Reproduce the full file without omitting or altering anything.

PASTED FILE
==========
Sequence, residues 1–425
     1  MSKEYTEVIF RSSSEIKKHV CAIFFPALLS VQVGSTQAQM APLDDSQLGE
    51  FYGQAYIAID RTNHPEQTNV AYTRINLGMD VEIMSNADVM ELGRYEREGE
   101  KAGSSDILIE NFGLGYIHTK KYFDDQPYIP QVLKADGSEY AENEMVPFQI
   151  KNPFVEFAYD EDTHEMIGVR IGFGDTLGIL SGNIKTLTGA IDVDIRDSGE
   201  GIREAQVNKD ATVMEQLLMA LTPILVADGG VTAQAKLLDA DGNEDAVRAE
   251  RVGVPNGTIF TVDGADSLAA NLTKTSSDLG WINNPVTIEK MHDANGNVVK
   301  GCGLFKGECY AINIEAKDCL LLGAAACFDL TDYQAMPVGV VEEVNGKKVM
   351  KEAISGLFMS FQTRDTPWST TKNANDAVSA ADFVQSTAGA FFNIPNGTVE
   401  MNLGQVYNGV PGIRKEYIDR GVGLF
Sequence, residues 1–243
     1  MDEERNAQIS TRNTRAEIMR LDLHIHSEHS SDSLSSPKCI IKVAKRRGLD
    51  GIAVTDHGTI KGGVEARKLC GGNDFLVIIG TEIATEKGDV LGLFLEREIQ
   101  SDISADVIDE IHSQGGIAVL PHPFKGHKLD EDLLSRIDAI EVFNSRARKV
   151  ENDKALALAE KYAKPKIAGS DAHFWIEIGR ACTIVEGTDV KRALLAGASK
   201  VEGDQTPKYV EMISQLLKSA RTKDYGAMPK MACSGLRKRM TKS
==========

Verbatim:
Sequence, residues 1–425
     1  MSKEYTEVIF RSSSEIKKHV CAIFFPALLS VQVGSTQAQM APLDDSQLGE
    51  FYGQAYIAID RTNHPEQTNV AYTRINLGMD VEIMSNADVM ELGRYEREGE
   101  KAGSSDILIE NFGLGYIHTK KYFDDQPYIP QVLKADGSEY AENEMVPFQI
   151  KNPFVEFAYD EDTHEMIGVR IGFGDTLGIL SGNIKTLTGA IDVDIRDSGE
   201  GIREAQVNKD ATVMEQLLMA LTPILVADGG VTAQAKLLDA DGNEDAVRAE
   251  RVGVPNGTIF TVDGADSLAA NLTKTSSDLG WINNPVTIEK MHDANGNVVK
   301  GCGLFKGECY AINIEAKDCL LLGAAACFDL TDYQAMPVGV VEEVNGKKVM
   351  KEAISGLFMS FQTRDTPWST TKNANDAVSA ADFVQSTAGA FFNIPNGTVE
   401  MNLGQVYNGV PGIRKEYIDR GVGLF
Sequence, residues 1–243
     1  MDEERNAQIS TRNTRAEIMR LDLHIHSEHS SDSLSSPKCI IKVAKRRGLD
    51  GIAVTDHGTI KGGVEARKLC GGNDFLVIIG TEIATEKGDV LGLFLEREIQ
   101  SDISADVIDE IHSQGGIAVL PHPFKGHKLD EDLLSRIDAI EVFNSRARKV
   151  ENDKALALAE KYAKPKIAGS DAHFWIEIGR ACTIVEGTDV KRALLAGASK
   201  VEGDQTPKYV EMISQLLKSA RTKDYGAMPK MACSGLRKRM TKS